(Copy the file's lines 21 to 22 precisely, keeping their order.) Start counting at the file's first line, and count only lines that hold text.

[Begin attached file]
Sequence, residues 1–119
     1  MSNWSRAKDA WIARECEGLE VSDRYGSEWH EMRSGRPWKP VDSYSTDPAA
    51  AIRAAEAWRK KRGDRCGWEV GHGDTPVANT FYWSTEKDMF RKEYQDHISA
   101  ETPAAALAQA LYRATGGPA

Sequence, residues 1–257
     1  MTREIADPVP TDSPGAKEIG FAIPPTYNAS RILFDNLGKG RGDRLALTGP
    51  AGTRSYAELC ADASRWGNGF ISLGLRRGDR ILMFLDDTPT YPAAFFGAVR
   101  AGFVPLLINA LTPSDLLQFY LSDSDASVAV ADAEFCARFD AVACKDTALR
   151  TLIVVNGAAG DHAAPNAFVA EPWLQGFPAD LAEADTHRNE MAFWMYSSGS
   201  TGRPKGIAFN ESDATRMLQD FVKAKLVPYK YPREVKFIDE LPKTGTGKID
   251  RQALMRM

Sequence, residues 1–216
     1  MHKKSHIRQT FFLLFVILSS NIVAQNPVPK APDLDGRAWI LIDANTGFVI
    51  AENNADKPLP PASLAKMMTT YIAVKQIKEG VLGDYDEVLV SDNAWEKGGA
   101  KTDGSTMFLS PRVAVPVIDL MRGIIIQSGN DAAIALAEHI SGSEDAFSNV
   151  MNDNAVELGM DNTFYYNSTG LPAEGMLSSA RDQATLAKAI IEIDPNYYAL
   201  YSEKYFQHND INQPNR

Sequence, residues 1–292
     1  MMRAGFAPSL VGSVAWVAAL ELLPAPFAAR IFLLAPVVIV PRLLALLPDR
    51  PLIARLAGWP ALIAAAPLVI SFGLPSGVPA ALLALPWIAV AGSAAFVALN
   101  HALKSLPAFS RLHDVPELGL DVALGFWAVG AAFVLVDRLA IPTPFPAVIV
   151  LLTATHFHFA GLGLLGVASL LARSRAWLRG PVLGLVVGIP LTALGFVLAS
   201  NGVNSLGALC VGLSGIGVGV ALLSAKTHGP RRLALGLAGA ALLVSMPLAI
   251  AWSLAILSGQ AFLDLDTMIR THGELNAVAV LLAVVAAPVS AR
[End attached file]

   101  HALKSLPAFS RLHDVPELGL DVALGFWAVG AAFVLVDRLA IPTPFPAVIV
   151  LLTATHFHFA GLGLLGVASL LARSRAWLRG PVLGLVVGIP LTALGFVLAS